Yes, Virginia (Dare) (And Ann Coulter): Polls Biased Against GOP. But Long-Term Trend—Historic American Nation Is Waking Up
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See also: ANN COULTER: Why A Red Wave Is Suddenly Possible

For months, polls and political analysts were suggesting that Democrats will outperform in November’s midterm elections. Republicans, they say, were blowing it—failing to capitalize on the opportunities presented by a poor economy and a historically unpopular Democratic president.

Some blame this GOP underperformance on the Supreme Court’s abortion decision. Others blame it on Republican failures to campaign strongly enough against unpopular Democratic positions on crime, immigration, and Critical Race Theory.

Is this true? Maybe. But it also may be true that the Republicans are not blowing it after all. According to some observers, the real story may be that the pollsters are (once again) getting this year’s election results wrong.

More importantly, however: even if the polls are right, the longer-term polling trends are likely to be far more significant than the results of any single off-year election.

Polling experts have known for years that the industry suffers from systemic biases that favor left-leaning politicians and issue positions. In the 2020 elections, according to the American Association for Public Opinion Research, the polling in the final two weeks of the campaign was off by roughly four percent (in Biden’s direction) compared to the final results [2020 Pre-Election Polling: An Evaluation of the 2020 General Election Polls, American Association for Public Opinion Research, July 19, 2021].

That might happen again this year. ”That warning sign is flashing again,” wrote Mark Weaver [Tweet him], an election law attorney, in a recent Washington Post op-ed. ”Democratic Senate candidates are outrunning expectations in the same places where the polls overestimated Mr. Biden in 2020 and Mrs. Clinton in 2016” [Uh-oh, the Polls May Be Undercounting Trump-friendly Republicans Again, October 3, 2022].

Why is this happening? Apart from poor quality control, much of it is attributable to right-leaning Republicans being less willing to share their real views with pollsters. Thus, according to Weaver in WaPo:

Trump supporters might have the added worry of being attacked for frankly stating their views. Stories of those affiliated with Trump being arrested, subpoenaed, doxed or mocked—with Trump providing angry amplification—result in a lower social trust of strangers inquiring about political views.

Biden’s recent speech in Philadelphia attacking ”MAGA Republicans” as a threat to democracy has probably only made things worse.

”If the polls are wrong yet again, it will not be hard to explain,” wrote Nate Cohn at the New York Times. ”Most pollsters haven’t made significant methodological changes since the last election” [Yes, the Polling Warning Signs Are Flashing Again, September 12, 2022, my emphasis].

Notoriously, polling errors of just a few percentage points can produce dramatically different outcomes in elections—where winners can edge out a victory by a single percentage point.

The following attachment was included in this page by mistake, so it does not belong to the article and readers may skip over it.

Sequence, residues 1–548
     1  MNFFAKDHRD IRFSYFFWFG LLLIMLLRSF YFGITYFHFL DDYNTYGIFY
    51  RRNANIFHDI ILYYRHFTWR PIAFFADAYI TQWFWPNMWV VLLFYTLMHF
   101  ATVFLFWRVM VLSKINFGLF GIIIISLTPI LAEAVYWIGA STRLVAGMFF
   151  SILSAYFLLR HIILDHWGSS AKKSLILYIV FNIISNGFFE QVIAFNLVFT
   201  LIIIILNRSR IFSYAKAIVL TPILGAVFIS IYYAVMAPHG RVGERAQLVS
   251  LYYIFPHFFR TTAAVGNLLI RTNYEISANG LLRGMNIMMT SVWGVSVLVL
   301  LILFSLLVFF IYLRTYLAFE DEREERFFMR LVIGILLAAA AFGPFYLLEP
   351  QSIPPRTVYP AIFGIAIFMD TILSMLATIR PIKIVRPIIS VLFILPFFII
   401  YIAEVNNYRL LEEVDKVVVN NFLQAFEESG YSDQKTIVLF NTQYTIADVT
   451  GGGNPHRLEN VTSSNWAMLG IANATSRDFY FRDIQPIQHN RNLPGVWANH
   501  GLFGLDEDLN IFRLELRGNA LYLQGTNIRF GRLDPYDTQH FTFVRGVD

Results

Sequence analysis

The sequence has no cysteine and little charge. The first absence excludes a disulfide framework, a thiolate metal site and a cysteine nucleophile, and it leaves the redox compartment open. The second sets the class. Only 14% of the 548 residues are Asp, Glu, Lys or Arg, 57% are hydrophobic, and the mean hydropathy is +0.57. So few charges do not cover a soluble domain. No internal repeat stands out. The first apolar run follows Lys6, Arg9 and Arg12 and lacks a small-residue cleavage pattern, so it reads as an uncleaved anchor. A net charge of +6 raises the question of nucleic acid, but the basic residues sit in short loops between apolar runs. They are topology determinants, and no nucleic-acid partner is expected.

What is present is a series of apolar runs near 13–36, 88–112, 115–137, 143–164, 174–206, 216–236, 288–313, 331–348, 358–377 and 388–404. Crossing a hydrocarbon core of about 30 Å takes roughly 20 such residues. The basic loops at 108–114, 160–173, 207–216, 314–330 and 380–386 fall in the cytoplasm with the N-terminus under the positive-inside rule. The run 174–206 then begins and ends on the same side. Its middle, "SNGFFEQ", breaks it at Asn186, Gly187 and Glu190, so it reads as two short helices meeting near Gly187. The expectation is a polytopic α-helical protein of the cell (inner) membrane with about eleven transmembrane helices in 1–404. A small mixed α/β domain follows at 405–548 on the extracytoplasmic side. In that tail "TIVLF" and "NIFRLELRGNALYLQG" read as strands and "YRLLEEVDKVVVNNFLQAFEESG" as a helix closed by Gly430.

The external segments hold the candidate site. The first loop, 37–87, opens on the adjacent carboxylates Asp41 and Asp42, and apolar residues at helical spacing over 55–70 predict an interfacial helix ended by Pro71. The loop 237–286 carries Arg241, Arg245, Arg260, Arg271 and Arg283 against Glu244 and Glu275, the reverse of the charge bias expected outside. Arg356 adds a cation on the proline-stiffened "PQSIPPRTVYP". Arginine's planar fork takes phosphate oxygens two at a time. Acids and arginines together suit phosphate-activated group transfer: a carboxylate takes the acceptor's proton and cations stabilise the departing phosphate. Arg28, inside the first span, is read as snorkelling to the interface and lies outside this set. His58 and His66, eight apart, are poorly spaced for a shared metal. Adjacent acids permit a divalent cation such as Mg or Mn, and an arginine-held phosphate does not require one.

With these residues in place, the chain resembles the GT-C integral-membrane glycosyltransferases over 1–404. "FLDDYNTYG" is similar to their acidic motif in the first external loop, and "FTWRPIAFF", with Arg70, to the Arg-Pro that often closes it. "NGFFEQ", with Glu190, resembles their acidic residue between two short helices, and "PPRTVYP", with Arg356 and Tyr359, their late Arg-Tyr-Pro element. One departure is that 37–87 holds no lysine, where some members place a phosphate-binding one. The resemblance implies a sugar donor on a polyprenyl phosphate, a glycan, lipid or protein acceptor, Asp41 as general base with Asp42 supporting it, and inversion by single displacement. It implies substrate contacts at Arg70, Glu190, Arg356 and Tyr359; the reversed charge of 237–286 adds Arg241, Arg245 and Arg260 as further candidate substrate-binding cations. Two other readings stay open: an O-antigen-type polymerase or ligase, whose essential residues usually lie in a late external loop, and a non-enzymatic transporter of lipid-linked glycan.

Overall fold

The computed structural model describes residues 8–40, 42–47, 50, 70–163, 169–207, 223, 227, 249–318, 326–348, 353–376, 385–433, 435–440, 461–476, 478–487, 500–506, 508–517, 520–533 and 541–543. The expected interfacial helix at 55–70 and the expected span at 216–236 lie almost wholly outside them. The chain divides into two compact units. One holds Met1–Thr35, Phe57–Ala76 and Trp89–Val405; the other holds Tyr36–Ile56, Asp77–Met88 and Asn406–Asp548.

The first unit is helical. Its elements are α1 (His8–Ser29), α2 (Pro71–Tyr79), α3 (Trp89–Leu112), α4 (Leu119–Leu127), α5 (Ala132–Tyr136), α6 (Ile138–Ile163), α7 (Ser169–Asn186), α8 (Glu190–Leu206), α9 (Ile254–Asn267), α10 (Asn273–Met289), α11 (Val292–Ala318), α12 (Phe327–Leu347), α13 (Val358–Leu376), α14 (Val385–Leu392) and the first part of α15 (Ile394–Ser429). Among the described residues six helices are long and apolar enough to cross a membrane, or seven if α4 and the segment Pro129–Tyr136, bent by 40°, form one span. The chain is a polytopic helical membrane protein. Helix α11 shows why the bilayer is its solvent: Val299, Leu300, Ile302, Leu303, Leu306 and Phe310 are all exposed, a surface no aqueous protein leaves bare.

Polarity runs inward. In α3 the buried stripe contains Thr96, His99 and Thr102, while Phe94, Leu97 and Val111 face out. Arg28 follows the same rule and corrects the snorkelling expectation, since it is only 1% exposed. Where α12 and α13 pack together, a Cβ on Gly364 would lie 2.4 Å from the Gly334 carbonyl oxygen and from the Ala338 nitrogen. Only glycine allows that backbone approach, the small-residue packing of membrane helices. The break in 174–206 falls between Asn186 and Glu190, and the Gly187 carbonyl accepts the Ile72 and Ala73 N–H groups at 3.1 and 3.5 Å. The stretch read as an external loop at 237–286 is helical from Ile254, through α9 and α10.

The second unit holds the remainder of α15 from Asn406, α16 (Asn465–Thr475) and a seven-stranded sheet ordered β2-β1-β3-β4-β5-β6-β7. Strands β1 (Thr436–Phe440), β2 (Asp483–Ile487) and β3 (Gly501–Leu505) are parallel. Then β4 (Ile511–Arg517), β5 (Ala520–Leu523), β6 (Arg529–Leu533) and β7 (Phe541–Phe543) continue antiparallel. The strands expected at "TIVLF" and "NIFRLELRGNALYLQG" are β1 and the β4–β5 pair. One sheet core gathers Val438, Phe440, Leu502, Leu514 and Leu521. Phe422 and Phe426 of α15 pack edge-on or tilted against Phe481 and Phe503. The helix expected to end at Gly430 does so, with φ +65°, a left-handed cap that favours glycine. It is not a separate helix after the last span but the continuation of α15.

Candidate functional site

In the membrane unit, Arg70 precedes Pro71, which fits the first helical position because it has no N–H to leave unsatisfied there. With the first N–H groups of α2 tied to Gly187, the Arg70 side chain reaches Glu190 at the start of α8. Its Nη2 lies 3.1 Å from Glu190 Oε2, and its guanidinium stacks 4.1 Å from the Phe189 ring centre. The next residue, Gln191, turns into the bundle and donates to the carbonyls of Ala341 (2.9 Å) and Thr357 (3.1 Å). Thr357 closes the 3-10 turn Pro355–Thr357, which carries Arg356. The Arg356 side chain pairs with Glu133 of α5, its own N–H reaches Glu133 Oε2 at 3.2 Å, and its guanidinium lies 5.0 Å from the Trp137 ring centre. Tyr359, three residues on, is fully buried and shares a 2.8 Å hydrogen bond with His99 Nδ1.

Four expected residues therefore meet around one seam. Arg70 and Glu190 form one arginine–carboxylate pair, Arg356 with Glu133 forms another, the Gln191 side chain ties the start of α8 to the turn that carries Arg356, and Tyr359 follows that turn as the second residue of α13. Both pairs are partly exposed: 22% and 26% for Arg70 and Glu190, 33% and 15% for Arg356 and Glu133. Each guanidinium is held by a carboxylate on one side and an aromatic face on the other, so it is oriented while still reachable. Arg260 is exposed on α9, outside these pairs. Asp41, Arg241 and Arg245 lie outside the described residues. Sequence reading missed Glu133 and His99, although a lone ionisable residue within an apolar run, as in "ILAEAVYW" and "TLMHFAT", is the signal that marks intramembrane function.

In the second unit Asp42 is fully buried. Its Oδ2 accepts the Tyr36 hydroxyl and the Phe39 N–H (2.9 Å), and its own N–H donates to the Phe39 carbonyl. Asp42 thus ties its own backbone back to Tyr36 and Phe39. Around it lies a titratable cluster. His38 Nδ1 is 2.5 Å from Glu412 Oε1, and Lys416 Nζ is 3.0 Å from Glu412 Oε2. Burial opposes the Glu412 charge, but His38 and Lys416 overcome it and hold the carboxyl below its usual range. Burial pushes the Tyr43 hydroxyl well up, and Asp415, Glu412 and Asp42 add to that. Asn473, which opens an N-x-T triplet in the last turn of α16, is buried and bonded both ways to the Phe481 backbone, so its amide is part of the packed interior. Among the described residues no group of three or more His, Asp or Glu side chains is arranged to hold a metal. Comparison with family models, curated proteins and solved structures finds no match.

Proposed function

But such errors are typically even worse in polling on sensitive political issues. On issues involving race (such as Affirmative Action, immigration, or Black Lives Matter), polling errors can range from 10 to 20 percent. (See my—pre–2020 election!—Yes, Virginia (Dare), ”Social Desirability Bias” IS Skewing Immigration Polls—And Trump’s).

Of course, regardless of which way the mid-term elections swing this year, this is just a single mid-term election. Elections frequently swing back and forth between the two parties and this year is probably no different.

The real question is more long-term: Is the American public waking up to the threat posed by its own Establishment Uniparty? Will there be meaningful change? Or will this be just another meaningless election outcome that will make little difference in our nation’s long-term trajectory?

There is reason to be hopeful. In a poll I conducted for American Renaissance last year (AmRen Poll: White Americans Waking Up on Race), I found significant changes in public opinion over the past decade:

  • White racial conservatives (26 percent of white Americans) now outnumber white racial liberals (16.8 percent).
  • A majority of whites in the Republican Party are now racial conservatives.
  • Measured according to which issues are most important to them, white racial conservatives feel more strongly than white racial liberals about racial issues.
  • White identity is important to many whites across the political spectrum, but the strength of that identification influences their political views. In general, white Republicans and conservatives are much more likely to say that their race is extremely important or very important to their identity.
  • White Americans as a whole are trending to the right and have been doing so—at least in terms of partisan identification—for several decades. (See my America’s Coming Political Realignment, American Renaissance, June 8, 2018). This trend continues under President Biden.
  • Racial issues were the top driver of ideological change among whites over the past decade.

The last bullet point—change over the last decade—is one of my poll’s most hopeful results. America’s core demographic, its European-derived white population—what calls the Historic American Nation—is indeed waking up to the brewing threat.

This trend, if it continues, will be far more important than this year’s election results, regardless of how they turn out.

Patrick McDermott [Email him] is a political analyst in Washington, D.C.

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